We start to understand history by listening to it told to us verbally, which lets us visualize it in our imagination. But how much more might we understand history if we could see it rendered visually right before our eyes? That question seems to have occupied the minds of certain of the cartographers of 19th-century Europe, those who wanted to take their craft beyond its traditional limits in order to do for chronology what it had long done for geography. Here we have one of the most glorious such attempts in existence, Eugene Pick’s 1858 Tableau De L’Histoire Universelle — or at least the half covering the civilizations of the Eastern Hemisphere — as held in the David Rumsey Map Collection.
At first glance, all of the information on the map might appear overwhelming. But zoom in (looking at the center first, ideally from top to bottom) and you’ll soon grasp how Pick has depicted the history of the world, as a mid-19th-century Frenchman would conceive of it it, by drawing a kind of network of rivers and tributaries.
The “sources” of ancient civilizations, like those of the Greeks, the Phoenicians, the Egyptians, and the Chinese, flow down to those of various descendants — the Gauls, the Norwegians, the Russians, the Turks — and the mighty empires in which they pool, and arrive at the nations of the Danes, the Swedes, the Belgians, the Spanish, the Persians, and others besides. In total the map covers 6,000 years of history, moving from 4004 B.C. to 1856.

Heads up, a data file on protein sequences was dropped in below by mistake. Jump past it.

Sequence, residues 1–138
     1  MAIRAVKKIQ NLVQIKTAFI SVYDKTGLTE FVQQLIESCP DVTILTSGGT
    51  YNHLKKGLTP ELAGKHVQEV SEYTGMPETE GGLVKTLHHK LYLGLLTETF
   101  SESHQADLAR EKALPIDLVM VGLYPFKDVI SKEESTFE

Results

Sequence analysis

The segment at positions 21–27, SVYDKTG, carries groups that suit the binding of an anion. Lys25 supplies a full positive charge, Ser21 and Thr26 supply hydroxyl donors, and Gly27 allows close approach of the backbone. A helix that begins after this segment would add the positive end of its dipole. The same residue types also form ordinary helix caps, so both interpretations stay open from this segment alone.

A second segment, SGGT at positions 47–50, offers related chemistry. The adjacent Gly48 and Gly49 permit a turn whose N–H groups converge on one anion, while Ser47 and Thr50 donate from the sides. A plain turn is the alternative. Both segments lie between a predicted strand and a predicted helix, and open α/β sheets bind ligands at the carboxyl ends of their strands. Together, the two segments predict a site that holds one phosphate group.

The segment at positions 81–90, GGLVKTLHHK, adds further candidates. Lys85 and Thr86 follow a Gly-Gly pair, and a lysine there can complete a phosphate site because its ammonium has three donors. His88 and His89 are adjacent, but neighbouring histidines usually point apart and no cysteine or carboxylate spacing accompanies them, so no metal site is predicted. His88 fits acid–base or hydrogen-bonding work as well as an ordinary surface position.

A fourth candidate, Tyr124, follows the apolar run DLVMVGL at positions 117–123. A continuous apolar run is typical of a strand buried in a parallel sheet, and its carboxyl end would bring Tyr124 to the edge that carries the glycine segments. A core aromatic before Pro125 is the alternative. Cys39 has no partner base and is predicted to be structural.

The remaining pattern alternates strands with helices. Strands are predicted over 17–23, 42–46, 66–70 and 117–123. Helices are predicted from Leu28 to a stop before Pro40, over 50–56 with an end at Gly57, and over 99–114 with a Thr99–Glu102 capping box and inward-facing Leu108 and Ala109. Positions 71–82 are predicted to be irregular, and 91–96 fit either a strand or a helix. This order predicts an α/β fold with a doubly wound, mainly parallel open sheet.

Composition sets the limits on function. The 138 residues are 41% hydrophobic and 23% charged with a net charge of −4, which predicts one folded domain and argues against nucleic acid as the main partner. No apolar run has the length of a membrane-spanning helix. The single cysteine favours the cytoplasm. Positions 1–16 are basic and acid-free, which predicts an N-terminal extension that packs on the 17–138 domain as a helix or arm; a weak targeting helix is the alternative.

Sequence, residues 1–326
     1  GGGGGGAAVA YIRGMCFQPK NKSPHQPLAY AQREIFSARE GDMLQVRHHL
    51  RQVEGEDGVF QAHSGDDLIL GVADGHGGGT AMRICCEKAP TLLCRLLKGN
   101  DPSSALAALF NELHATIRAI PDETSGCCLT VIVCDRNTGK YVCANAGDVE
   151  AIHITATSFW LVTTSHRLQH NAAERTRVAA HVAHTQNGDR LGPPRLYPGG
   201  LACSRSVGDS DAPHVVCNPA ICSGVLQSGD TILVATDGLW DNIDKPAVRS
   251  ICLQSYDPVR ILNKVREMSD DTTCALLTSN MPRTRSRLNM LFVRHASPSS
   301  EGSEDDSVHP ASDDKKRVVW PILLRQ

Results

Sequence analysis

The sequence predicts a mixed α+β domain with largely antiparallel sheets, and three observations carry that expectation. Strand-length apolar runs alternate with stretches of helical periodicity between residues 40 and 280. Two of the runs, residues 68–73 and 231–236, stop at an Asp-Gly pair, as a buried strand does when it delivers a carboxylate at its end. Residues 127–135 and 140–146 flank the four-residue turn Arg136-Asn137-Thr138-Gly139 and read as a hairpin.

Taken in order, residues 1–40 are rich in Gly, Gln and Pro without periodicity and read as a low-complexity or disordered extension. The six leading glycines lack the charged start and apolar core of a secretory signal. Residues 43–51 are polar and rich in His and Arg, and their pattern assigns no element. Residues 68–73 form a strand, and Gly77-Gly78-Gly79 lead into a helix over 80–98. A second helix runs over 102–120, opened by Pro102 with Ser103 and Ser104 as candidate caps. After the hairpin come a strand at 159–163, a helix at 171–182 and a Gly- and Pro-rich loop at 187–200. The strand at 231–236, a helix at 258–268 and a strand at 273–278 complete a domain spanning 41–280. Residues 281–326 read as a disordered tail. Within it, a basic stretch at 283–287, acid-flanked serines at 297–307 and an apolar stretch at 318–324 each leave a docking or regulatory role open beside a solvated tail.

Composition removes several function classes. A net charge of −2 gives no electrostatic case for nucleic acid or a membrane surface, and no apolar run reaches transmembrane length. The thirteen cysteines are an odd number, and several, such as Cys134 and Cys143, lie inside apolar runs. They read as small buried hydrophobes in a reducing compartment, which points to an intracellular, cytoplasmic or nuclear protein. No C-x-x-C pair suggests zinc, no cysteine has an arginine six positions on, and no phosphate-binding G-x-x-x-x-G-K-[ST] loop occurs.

This technique of visualizing history has its precedents, including Friedrich Strass’ Der Strom der Zeiten oder bildliche Darstellung der Weltgeschichte, pictured just above (and later updated by American mapmaker Joseph Hutchins Colton as The Stream of Time in the 1840s and 1860s.) The David Rumsey Map Collection notes that, unlike Strass’ map, Pick’s also has “vignettes of people, buildings, historical scenes and important places in the history of the world” lined up on either side of the main content. It thus illuminates the abstract and continuous central rendering of history with representative, discrete ones, showing viewers everything from the Biblical flood and the Tower of Babel to the Great Sphinx of Giza and Agrippa’s Pantheon to Notre Dame and the Arc de Triomphe. It has a certain francocentrism, to be sure, but consider how many in Pick’s time considered France the center of humanity’s genius. Producing a map as compelling as this one couldn’t have diminished that image.
Based in Seoul, Colin Marshall writes and broadcasts on cities and culture. His projects include the book The Stateless City: a Walk through 21st-Century Los Angeles and the video series The City in Cinema. Follow him on Twitter at @colinmarshall or on Facebook.